The stories are depressing, but they can't all be taken at face value. Matthiessen consistently seeks out disgruntled people in each tribe, and treats them as if they alone were the true representatives of the tribe's rights. Sometimes that's true, since the elites and other "progressives" get bought out in various ways. But it isn't *always* true - - and sometimes disgruntled people are just generally annoyed for whatever set of personal reasons. Matthiessen's biases lead him to side with these people uncritically in every case.

This selection of informants means that Matthiessen treats the leadership of the Eastern Cherokee favorably because they fought development, but treats the leadership of the Miccosukee poorly because they didn't. Similarly, Hopi who choose to have running water and electricity get short-shrifted in Matthiessen's worldview compared with those who choose not to have those things. I think it's clear what Matthiessen's ultimate agenda here and, despite what he wants us to think, it isn't necessarily solidarity with the tribes.

As always, he writes very well. Matthiessen has also covered a very nice range of the challenges facing Indian Country, from Florida and North Carolina to the Pacific Northwest. The book represents a good follow-up to Dee Brown's "Bury My Heart at Wounded Knee," but the author's selective choice of informants should give the reader pause.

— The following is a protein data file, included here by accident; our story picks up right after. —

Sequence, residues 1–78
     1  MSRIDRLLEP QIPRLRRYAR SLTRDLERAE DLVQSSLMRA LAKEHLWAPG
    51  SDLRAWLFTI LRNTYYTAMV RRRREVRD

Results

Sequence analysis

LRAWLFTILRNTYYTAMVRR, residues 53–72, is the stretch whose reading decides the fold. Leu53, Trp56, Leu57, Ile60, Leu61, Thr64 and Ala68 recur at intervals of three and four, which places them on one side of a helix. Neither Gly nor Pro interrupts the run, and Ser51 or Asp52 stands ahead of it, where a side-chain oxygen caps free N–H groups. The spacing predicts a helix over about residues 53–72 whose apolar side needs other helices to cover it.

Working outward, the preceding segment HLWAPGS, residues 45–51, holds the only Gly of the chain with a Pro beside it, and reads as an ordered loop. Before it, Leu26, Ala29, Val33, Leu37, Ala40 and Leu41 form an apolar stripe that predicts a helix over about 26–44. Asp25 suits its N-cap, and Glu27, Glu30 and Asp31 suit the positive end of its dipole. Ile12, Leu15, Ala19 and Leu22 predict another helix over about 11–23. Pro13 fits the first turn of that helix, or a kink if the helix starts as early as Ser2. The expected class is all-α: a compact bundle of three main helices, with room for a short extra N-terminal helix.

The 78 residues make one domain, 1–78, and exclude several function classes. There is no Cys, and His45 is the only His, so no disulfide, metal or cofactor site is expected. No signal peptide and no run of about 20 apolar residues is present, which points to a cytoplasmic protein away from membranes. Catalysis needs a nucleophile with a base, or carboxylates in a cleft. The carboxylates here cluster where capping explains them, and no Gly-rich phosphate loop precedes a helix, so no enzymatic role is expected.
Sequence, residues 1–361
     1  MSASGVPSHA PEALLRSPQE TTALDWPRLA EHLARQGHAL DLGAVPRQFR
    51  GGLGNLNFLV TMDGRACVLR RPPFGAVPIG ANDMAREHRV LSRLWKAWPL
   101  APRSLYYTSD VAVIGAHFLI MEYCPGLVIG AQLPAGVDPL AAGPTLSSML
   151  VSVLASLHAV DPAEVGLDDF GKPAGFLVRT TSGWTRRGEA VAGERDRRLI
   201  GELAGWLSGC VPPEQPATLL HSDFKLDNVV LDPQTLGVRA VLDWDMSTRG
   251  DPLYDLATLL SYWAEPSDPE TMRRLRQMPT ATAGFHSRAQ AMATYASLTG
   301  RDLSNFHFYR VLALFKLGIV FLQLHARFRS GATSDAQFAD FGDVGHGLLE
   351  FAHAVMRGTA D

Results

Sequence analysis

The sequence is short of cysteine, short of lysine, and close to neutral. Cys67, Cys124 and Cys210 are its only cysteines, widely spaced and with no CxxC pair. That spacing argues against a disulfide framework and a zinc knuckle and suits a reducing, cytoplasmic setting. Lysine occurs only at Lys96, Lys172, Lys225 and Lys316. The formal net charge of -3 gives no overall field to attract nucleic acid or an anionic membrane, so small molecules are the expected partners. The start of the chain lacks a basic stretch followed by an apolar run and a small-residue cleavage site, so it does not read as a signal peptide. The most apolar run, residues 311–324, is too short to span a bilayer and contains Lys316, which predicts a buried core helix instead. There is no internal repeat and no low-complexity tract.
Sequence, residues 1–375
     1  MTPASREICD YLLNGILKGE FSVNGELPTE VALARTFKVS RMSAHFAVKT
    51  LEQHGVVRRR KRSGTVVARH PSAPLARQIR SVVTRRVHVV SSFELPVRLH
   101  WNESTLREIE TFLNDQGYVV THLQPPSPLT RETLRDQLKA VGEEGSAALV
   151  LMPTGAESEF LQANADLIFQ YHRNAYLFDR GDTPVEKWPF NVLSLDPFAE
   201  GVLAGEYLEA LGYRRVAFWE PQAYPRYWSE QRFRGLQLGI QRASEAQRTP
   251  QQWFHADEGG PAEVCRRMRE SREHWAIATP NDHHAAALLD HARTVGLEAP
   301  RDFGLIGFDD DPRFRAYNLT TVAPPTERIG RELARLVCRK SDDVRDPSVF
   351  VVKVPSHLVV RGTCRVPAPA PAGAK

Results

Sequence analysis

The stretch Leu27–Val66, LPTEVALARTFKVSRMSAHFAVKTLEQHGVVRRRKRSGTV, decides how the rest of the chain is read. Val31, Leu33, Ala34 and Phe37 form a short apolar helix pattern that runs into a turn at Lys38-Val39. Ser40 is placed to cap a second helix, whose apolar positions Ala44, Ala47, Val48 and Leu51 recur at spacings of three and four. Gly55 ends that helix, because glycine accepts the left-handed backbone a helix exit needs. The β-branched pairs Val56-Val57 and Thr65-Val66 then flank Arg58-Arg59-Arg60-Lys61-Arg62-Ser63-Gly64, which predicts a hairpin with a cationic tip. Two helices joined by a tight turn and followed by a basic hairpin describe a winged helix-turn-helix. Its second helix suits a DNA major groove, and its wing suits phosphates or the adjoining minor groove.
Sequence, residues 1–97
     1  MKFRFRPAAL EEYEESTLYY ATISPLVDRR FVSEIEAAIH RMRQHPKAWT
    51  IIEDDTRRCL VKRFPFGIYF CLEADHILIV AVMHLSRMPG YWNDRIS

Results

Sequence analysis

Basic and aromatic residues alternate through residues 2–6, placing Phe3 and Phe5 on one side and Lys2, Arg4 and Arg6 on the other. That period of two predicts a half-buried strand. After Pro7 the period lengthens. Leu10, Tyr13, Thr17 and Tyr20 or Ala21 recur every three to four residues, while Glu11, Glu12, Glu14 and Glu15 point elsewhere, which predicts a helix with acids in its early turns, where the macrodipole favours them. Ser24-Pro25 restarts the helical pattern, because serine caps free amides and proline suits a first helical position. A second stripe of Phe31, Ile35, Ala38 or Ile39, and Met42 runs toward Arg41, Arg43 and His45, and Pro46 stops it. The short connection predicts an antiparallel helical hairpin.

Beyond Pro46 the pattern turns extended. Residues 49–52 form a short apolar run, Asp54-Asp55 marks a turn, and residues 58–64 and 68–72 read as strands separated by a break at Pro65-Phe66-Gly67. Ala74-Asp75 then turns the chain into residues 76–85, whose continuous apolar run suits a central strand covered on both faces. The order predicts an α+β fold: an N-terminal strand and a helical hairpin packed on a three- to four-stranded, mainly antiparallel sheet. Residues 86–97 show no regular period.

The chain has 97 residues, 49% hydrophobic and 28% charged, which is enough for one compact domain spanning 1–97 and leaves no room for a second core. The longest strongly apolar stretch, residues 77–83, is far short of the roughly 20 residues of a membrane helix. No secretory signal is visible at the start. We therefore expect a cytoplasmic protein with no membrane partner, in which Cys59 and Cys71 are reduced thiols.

3 of 3 people found the following review helpful
5.0 out of 5 stars Insight into Mathiessen's Psyche 3 Nov. 2009
By Betty Clark - Published on
Format: Paperback Verified Purchase
Mathiessen writes so beautiflly about Indians, birds, and peaceful natural settings. It was intriguing to read "Indian Country" after reading Mathiessen's "Shadow Country". "Indian Country" reveals Mathiessen's faith in those that revere nature and his detestation of those that plunder the land for the sake of foolish development. In reading "Shadow Country," I was struck with Mathiessen's creation of a Greek chorus (i.e., a democratic commentary by fellow residents on the drama being played out by the central tragic character). This profound democratic spirit is manifested in "Indian Country" as well. I appreciated Mathiessen's deft observation and portrayal of the facial expressions, manners, and gestures of the individual Indians with whom he met while researching "Indian Country."